He also noted that the process for procurement was driven by CNB's IT department and that the accused did not take part in that process or influence the work of the evaluation committee that reviewed the agency's potential vendors.
Despite acknowledging that there was indeed a conflict of interest, Shanmugam stated that the presence of conflict does not automatically imply that there was corruption. He said he was satisfied that there was neither corrupt element or guilty knowledge on Ng's part in relation to his charges, adding that in his view, throughout the time where the two IT contracts were approved and processed, Ng possessed "no ulterior motive, let alone a corrupt intent".
Shanmugam also noted that even though only Ng's intentions behind the four instances of fellatio were relevant to the trial, he found that both him and Sue had "innocuous" motivations in giving and receiving oral sex.
"On this count alone I found that (Ng) had not only successfully rebutted the presumption (of corrupt intent) but had raised a reasonable doubt in the case against him, which would warrant an acquittal on all four charges," he said, which triggered a wave of relief across the courtroom, in particular Ng's relatives, some of whom teared and hugged one another.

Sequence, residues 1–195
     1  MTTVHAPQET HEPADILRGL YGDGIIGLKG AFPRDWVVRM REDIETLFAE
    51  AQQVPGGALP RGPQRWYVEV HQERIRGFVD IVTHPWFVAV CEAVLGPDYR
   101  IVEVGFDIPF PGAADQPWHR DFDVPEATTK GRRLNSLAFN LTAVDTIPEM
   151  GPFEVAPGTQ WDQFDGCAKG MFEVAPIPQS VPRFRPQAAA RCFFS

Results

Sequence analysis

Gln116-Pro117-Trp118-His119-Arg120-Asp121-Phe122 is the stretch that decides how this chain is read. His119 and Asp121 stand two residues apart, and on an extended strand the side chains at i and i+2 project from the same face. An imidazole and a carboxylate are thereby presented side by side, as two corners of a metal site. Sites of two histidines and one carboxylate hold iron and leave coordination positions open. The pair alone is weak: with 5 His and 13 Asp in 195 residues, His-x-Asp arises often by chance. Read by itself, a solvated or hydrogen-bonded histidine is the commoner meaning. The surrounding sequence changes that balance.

Ng 'vindicated', innocence proven: lawyers
Speaking to reporters after the verdict, defence counsel Tan Chee Meng said it was "vindication of Ng Boon Gay, the fact that he's not corrupt and his innocence has been proven".
Family members around Ng were a picture of relief and gladness, with two of his siblings saying they would be celebrating by paying their respects to their deceased father.
"He (Ng)'s been through a lot of hardship growing up," said his older sister in Mandarin, expressing her relief at his acquittal.
A further statement from Ng's lawyers said he was heartened to be vindicated of his charges, and "relieved that this chapter is soon to be over", adding that there are pending internal processes that need to be completed.
"He is most grateful to his wife, family and friends for their support and unwavering belief in his innocence," the statement said.